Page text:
Running in service was around £60 as it was for oil & filter - with free labour. My tech reckons he can do a full service for around £300 but the 20,000 mile service will be perhaps twice that as it includes valve clearances. But as I rarely venture north of 7,000 rpm, I'd expect them to be spot on, as they have always been on my ancient K1200RS.
I ordered the rad guard, sat-nav mount for my Garmin, and have bought a 'cool cover' for the rider's seat. And a 'tank protector' - although what it's really protecting is my gentleman's region during unforeseen heavy braking on a slippery saddle. The Tiger came with full Long Way Round aluminium panniers included. The base XRx has more toys than Hamleys, and none is a gimmick, all contributing to the ride. I didn't want the quick shifter and hill hold of the XRt, as I actually enjoy making all inputs to the bike myself. Old school, I guess.
Buying experience: A1 Moto in York. Nice bunch of guys, large workshop & complete with a couple of very fair maidens frothing the lattes in the attached coffee shop.
Annual servicing cost: £250
Brilliantly refined adventure bike
Sublime ride, can easily ride all day in comfort and enjoyment. Front brakes are adequate although lack initial bite.
Super smooth triple, with bags of grunt. The real stand out feature of the bike.
Only owned it a short while, but everything seems so well put together with a real feeling of quality throughout
Quite a pricey bike to buy, but then you have to pay for quality
The XRT has everything you could possibly want, plus some stuff you didn’t know you wanted!
Buying experience: Bought from Blade m/c’s in Abingdon, really easy to deal with, professional and efficient throughout. Made the buying process a pleasure.
Annual servicing cost: £250
I previously rode a 1200 Explorer which was a great bike, but the Tiger XRT is a big step change from the previous model. particularly noticeable is the change in the ergonomics, with the bars a little closer it's gives a much more comfortable and stable ride. The engine is superb and having a quickshifter is something I've gotten used to very quickly. At first I thought the 5 rider modes would be just a bit of a gimmick, but they really make a difference to the way the bike rides, the rain mode gives a lot of confidence when the roads are wet and greasy, and the Sport mode definitely gives the bike a bit more oomph...although as a fairly heavy adventure bile you're never going to be able to mix it with a sports bike, but it's fun all the same. Overall this is about as good a bike as you could ask for, it does everything well and is easy and comfortable to ride.
ride quality is exceptional. You can easily spend all day in the saddle without getting fatigued. The brakes are excellent and very predictable.
Probably the Triumph's party piece. the 1215cc Triple is an outstanding machine. Throttle is very smooth and linear with good, predictable power coming throughout the rev range.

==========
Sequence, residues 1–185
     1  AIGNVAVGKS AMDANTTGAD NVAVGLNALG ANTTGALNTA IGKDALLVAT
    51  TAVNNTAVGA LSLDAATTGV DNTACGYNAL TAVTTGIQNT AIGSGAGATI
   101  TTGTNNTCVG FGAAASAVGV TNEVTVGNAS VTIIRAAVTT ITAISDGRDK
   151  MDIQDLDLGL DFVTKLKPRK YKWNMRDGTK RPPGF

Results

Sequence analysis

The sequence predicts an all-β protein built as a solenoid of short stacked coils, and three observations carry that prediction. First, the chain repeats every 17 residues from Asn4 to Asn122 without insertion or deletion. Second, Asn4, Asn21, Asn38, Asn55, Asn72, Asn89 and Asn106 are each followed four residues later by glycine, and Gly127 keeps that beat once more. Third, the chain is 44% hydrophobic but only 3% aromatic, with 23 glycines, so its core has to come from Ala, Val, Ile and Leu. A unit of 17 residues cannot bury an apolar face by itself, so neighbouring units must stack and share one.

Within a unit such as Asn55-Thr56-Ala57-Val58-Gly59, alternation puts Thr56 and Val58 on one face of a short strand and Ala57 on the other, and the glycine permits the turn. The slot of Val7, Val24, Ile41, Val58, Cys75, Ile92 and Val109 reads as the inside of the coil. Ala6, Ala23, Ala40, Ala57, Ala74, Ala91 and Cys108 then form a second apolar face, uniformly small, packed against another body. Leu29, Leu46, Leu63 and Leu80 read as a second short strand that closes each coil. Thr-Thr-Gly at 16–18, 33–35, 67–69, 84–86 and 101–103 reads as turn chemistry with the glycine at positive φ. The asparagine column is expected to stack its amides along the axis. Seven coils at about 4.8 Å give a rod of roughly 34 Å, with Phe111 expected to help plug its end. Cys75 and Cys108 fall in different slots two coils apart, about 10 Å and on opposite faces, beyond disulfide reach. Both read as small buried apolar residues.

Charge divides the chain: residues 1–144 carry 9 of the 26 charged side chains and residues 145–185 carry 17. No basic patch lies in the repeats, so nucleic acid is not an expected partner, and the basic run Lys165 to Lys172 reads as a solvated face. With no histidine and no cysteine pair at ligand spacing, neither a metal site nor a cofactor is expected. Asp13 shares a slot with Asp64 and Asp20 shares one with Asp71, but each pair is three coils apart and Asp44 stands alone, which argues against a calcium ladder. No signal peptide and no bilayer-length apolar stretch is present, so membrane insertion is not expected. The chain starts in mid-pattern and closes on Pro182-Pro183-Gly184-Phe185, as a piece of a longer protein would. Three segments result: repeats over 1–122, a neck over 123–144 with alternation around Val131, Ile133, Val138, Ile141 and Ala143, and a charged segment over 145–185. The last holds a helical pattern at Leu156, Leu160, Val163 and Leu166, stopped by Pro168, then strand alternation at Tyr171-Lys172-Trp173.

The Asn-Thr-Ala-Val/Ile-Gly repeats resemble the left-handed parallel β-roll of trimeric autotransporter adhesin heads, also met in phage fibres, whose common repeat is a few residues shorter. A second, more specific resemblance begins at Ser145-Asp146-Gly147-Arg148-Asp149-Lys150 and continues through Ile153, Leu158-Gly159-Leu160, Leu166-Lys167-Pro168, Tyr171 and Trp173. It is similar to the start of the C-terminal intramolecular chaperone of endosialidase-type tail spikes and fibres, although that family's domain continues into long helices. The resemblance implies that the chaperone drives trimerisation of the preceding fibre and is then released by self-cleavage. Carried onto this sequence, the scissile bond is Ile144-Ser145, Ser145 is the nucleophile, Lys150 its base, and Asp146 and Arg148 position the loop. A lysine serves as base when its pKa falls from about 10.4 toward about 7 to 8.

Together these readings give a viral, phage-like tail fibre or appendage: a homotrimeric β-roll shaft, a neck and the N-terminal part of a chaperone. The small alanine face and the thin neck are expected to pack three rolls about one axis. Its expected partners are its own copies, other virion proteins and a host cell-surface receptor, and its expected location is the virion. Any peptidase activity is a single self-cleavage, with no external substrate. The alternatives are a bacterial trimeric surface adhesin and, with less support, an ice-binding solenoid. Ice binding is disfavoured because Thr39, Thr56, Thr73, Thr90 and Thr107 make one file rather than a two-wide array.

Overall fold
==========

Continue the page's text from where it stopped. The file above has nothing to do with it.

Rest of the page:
The bike has behaved impeccably and hasn't put a foot wrong.
It's a big bike and, if ridden briskly, can be a little thirsty. In the 2 and a half years I've had the bike I can normally get 170-180 miles from a tank.
The XRT has just about everything you could wish for on a bike. The quickshifter has been great and little things like the hill hold function just make life easier and the riding less stressful.
Buying experience: Bought from Bulldog Triumph in Wokingham who have provided excellent service throughout the buying and ownership process.
Annual servicing cost: £250
The bike is supremely comfortable for long distance work, with the ability to offer good fun on A and B roads. The triumph luggage is also good quality for those touring trips. Having owned a first generation Tiger Explorer, this generation 3 model is very big leap forward. Very impressed with the bike, highly recommended.
Thanks to the semi active WP suspension, the ride quality and handling is sublime. The bike absorbs the uneven surfaces amazingly. The feel of the bike through corners offers confidence and the Brembro brakes have a great feel and pull the bike up effortlessly.
The Triumph triple is a proven unit that offers great torque and ample power. This gives the bike good performance and makes overtakes very easy.
The bike feels and looks constructed from premium components. The build quality is of a high quality as you would expect from a bike in the price bracket. Reliability so far is good with no issues.
The first running in service at 500 miles cost £90.00, and I am lead to believe that the first annual service or 10K service is around the £250.00 mark.
The Tiger 1200 is laden with technology, including the semi active suspension, TFT screen, electrically operated screen, riding modes, heated grips, cruise control just to mention a few.
Buying experience: I bought my Bike from Laguna Triumph in Ashford. The guys there made the buying experience very enjoyable and I could recommend them to anyone. This is my 8th bike from Laguna, so that speaks volumes.